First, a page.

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Brother of American arrested in Russia on spying charges says he was there for a wedding

"His innocence is undoubted and we trust that his rights will be respected," Paul Whelan's brother, David, wrote on Twitter on Tuesday.

The brother of a U.S. citizen arrested in Russia on espionage charges said Tuesday that he's innocent and was in Moscow to attend a wedding.

Paul Whelan, a retired Marine, was arrested in Moscow on Friday. The Russian Federal Security Service, in announcing the arrest three days later, said Whelan was caught "during an espionage operation," but gave no details.

"We are deeply concerned for his safety and well-being," his brother, David Whelan, said in a statement posted on Twitter. "His innocence is undoubted and we trust that his rights will be respected."

The Russian spying charges carry a prison sentence of up to 20 years.

Image: Paul Whelan at the Kremlin in Moscow in 2006.
Paul Whelan in Moscow in 2006.United States Marine Corps.

David Whelan said on MSNBC that his brother was part of a wedding party, and the friend who was getting married had asked him to lead tours around the Kremlin because he had been to Russia before.

"He loves to travel so I wasn't at all surprised that he would be confident going to Russia. He has a law enforcement background, he's got his Marine background, he does corporate security and he's aware of the risks of traveling in certain parts of the world," Whelan said.

The company Whelan works for, BorgWarner, an automotive parts supplier, said in a statement that Whelan serves as the company's director of global security and oversees a facility in Auburn Hills, Michigan, as well as other locations "around the world."

A company spokeswoman said Whelan has worked for the company since 2017 and is responsible for securing facilities and assets. She added that BorgWarner does not have a facility in Russia.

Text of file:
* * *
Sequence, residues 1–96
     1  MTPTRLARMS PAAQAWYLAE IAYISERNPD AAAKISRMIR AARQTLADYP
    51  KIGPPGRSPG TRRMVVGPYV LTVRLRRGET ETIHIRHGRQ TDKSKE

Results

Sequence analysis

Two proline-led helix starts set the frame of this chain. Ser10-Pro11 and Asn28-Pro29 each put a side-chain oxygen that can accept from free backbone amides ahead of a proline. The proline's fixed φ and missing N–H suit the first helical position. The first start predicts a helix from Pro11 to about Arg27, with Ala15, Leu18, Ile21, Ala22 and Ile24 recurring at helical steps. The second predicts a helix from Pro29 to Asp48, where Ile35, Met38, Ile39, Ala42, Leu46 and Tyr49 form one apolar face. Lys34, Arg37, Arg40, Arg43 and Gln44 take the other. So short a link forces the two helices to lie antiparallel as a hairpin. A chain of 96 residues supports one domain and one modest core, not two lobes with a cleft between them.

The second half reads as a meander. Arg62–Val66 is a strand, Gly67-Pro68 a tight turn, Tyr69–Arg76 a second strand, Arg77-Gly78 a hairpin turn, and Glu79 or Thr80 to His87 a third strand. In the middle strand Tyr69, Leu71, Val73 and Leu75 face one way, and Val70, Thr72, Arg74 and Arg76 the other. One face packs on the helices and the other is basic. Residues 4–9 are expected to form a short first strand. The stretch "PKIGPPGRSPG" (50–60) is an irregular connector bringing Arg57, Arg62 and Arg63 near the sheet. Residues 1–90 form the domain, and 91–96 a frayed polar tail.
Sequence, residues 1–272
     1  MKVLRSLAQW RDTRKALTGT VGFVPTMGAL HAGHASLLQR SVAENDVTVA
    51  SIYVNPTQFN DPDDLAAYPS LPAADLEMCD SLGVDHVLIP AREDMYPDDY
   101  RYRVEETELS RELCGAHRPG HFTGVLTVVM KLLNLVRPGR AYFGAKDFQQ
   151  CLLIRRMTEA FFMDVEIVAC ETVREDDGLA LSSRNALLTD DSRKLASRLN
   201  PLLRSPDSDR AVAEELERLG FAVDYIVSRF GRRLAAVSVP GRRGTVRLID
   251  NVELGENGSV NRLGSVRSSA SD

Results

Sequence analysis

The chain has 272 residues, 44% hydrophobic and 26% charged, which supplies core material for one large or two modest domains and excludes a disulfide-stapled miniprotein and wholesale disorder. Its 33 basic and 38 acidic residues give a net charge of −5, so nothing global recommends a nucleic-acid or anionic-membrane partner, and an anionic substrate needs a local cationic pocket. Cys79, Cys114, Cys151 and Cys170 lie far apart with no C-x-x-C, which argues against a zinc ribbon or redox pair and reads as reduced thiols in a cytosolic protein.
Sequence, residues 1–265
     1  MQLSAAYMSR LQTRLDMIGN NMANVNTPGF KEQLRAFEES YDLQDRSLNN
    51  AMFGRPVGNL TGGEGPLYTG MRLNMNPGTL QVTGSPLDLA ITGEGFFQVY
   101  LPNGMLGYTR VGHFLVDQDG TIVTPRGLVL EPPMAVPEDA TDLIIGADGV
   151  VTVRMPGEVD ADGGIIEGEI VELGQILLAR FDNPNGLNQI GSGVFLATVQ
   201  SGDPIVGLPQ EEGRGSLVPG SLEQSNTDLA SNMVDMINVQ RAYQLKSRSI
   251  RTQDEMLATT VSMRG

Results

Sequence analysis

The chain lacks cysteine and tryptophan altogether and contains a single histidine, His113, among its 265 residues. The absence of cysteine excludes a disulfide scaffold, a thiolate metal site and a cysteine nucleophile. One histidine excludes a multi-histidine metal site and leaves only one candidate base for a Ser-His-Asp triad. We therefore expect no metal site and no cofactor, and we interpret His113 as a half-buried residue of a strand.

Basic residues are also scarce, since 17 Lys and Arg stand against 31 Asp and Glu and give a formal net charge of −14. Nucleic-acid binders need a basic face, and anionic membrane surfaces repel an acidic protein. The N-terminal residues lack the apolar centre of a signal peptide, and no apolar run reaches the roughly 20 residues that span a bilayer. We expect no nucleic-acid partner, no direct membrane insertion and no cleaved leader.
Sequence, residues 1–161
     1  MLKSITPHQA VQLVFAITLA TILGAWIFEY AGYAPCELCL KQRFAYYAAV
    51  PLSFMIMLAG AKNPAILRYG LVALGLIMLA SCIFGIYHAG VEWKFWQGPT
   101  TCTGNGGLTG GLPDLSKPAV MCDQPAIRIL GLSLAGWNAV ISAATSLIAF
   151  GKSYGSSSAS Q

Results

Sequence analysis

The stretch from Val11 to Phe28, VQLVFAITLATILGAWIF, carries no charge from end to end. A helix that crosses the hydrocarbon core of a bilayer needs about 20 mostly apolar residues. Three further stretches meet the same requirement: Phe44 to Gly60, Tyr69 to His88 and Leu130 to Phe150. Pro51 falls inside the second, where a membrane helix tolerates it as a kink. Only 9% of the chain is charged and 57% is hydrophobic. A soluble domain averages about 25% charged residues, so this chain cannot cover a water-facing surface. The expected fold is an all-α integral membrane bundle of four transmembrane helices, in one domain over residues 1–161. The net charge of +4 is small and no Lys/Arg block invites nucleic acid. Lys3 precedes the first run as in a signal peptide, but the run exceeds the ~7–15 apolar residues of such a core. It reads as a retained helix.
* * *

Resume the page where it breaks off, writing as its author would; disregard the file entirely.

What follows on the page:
Before that, Whelan worked for Kelly Services, a staffing company, according to a spokeswoman. Kelly Services is based in Michigan, but works with companies all over the world and does have a presence in Russia.

A Marine Corps article from 2007 said Whelan used the Rest and Recuperation Leave Program "experiencing the post-soviet era of Moscow and St. Petersburg, Russia."

The program gave service members a 15-day break, and paid for them to travel anywhere in the world. At the time, Whelan was a staff sergeant serving with the 3rd Marine Aircraft Wing in Iraq.

The article noted that most deployed service members took the opportunity to go home for free, but Whelan is quoted in the article noting that "it gives those of us who are single an opportunity to travel throughout the world wherever we want to go and experience the diversity of culture."

Whelan, 48, had been in Russia for a day or two before Friday when he stopped contacting his family back in the U.S., and then they learned that he had missed the wedding. The family learned of Whelan's detention from online news reports on Monday, his brother said.

"It just never would have occurred to me that A) he would have any sort of trouble in a large metropolitan area or B) that his background would suggest that he would be willing to commit any crime, let alone an espionage crime," said David Whelan.

He added that the embassy in Moscow was helping his family figure out what happened, but because of a 72-hour window that has to pass before they gain access to Paul Whelan, "no one, as far as I know, has seen or spoken to him yet."

The State Department said Monday it had received formal notification from the Russian Foreign Ministry of the arrest and was pushing for consular access. The department did not identify Whelan at the time or provide any information about the case, citing "privacy considerations."

Whelan said Tuesday his family was "doing the best we can in light of very little information and a rather implausible situation."

He said they have faith that his brother will come home safe. "I think Paul has a superior set of skills to most of us," Whelan said. "And so hopefully he won't have to [deploy] too many those skills in order to survive and to come home."

The arrest comes as U.S.-Russian ties are severely strained, in part over Russian meddling in the 2016 presidential election as well as the conflict in eastern Ukraine and Moscow's annexation of the Crimean Peninsula in 2014.

The U.S. and other Western countries have imposed sanctions against Russian officials, companies and banks.

A Russian gun-rights activist, Maria Butina, is in U.S. custody after admitting she acted as a secret agent for the Kremlin in trying to infiltrate conservative U.S. political groups as Donald Trump was seeking the presidency. She pleaded guilty in December to a conspiracy charge as part of a deal with federal prosecutors.

Russian President Vladimir Putin has claimed the case is fabricated and that Butina entered the guilty plea because of the threat of a long prison sentence.